3:47pm

Wed June 27, 2012
Shots - Health Blog

Can IVF Treatments Reverse A Woman's Biological Clock?

Originally published on Wed June 27, 2012 4:20 pm

Human embryos under a microscope at an IVF clinic in La Jolla, Calif.
Sandy Huffaker Getty Images

Modern reproductive technologies can give older women the same chances of having a baby as younger women, researchers reported Wednesday.

The new study found that women age 31 and younger have about a 60 percent to 75 percent chance of having a baby after three IVF cycles. The chances drop to about 20 percent to 30 percent for women ages 41 or 42, and to about just 5 percent to 10 percent for those age 43 or older.

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3:40pm

Wed June 27, 2012
The Two-Way

No 'Bath Salts' Drug Found In System Of Face-Eating Attacker

An undated booking mug made available by the Miami-Dade Police Dept., showing Rudy Eugene.
AP

Back in May, we told you that Miami Police suspected that a man who was shot dead while he bit off another man's face was high on "bath salts."

A Miami-Dade County Medical Examiner's report released today, however, disproves that theory. According to the AP, the only drug found in Rudy Eugene's system was marijuana.

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3:13pm

Wed June 27, 2012
Architecture

Still Unimplemented, Ariz. Law Has Chilling Effect

Originally published on Wed June 27, 2012 4:49 pm

It will be weeks — maybe longer — before the one part of Arizona's immigration law the Supreme Court left standing goes into effect. A lower court has to remove its injunction before local police are required to ask about immigration status. But as NPR's Ted Robbins reports, there's already been a backlash.

3:13pm

Wed June 27, 2012
Europe

European Union Tradeoff: Sovereignty For Stability

Originally published on Wed June 27, 2012 4:50 pm

In order to salvage its common currency, Europe is working toward a tighter fiscal union. That will require a tradeoff — sovereignty for economic stability. Over the next two days European Union leaders will try to come to an agreement to boost growth.

2:56pm

Wed June 27, 2012
Shots - Health Blog

Medicaid Expansion Goes Overlooked In Supreme Court Anticipation

Originally published on Wed June 27, 2012 4:20 pm

When the U.S. Supreme Court rules Thursday on the constitutionality of the Affordable Care Act, it will also rule on whether the expansion of Medicaid is an unconstitutional infringement of states' rights.
Adam Cole NPR

When the Supreme Court announces its long-anticipated decision on the constitutionality of the Affordable Care Act on Thursday, all eyes will be on the so-called individual mandate. That's the section of the law that requires most Americans to either have health insurance or pay a penalty starting in 2014.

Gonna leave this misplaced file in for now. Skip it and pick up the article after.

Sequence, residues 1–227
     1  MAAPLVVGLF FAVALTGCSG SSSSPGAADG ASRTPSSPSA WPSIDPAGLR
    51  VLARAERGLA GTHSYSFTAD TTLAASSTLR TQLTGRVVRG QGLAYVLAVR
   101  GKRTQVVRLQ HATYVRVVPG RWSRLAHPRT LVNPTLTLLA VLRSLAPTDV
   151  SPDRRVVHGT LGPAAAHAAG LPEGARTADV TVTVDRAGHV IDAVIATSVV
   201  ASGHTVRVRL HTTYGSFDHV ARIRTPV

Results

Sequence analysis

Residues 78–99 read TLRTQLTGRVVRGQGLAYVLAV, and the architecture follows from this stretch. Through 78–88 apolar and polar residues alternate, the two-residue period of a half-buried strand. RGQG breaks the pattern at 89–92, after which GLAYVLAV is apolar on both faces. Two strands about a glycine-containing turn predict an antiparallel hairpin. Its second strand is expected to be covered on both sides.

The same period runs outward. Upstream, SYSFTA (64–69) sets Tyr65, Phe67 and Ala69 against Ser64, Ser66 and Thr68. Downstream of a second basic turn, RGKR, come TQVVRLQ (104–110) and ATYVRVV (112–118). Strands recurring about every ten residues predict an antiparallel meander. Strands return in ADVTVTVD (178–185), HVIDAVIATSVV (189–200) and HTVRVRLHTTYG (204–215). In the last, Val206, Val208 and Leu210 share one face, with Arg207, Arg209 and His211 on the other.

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2:32pm

Wed June 27, 2012
Around the Nation

The State Of Affairs For Veterans Seeking Jobs

Originally published on Wed June 27, 2012 4:20 pm

Transcript

MELISSA BLOCK, HOST:

The head of the Department of Veterans Affairs, retired Army General Eric Shinseki, is attending that job fair in Detroit and he joins me now. Welcome to the program.

SECRETARY ERIC SHINSEKI: Well, thank you, Melissa. Great to be joining you.

BLOCK: When you talk with employers, what do they tell you about the hurdles or the challenges of hiring veterans? What are the problems there?

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2:32pm

Wed June 27, 2012
Election 2012

Influx Of Puerto Ricans Changes Fla.'s Voter Calculus

Originally published on Wed June 27, 2012 7:51 pm

A sign lets voters know they can cast early ballots for the Florida primary election in January at the South Creek Branch Library in Orlando.
Chip Somodevilla Getty Images

Florida is a perennial battleground state in presidential elections. And within Florida, the area around Orlando is a battlefield where the terrain has changed radically.

It used to be a tossup. But four years ago, Barack Obama won in Orlando — or technically in Orange County — with 59 percent of the vote, a margin of almost 80,000 votes.

What happened in Orlando?

There were several things: The Democrats registered a lot of black voters. Obama ran well among independents. But the biggest difference was the number of new arrivals to the area.

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2:21pm

Wed June 27, 2012
Mom And Dad's Record Collection

Chris Thile's First Musical Memory

Originally published on Wed June 27, 2012 7:54 pm

Chris Thile says he was only a year old when he first heard "The Girl from Ipanema."
Danny Clinch

It's clear Chris Thile has an ear for music: The 31-year-old mandolinist, best known for his bands Nickel Creek and Punch Brothers, has been playing music his entire life.

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2:15pm

Wed June 27, 2012
NPR Story

A Peek Inside Astronomer Carl Sagan's Mind

Originally published on Wed June 27, 2012 7:53 pm

The astronomer Carl Sagan made it his life's work to engage the public in the world of science and exploration. The Library of Congress announced Wednesday that it's acquired his personal papers. Host Audie Cornish talks with Ann Druyan, Sagan's widow.

2:10pm

Wed June 27, 2012
The Two-Way

Chicago City Council OKs Fines Instead Of Arrests For Pot Possession

The Chicago City Council voted overwhelmingly to approve a new policy on marijuana possession.

The policy gives police the option of giving a fine to those caught with less than 15 grams. The fine could range between $250 and $500 and doesn't apply to minors or those carrying pot on a park or school grounds, reports The Chicago Tribune.

Previously, law required police to arrest the person and charge them with a misdemeanor.

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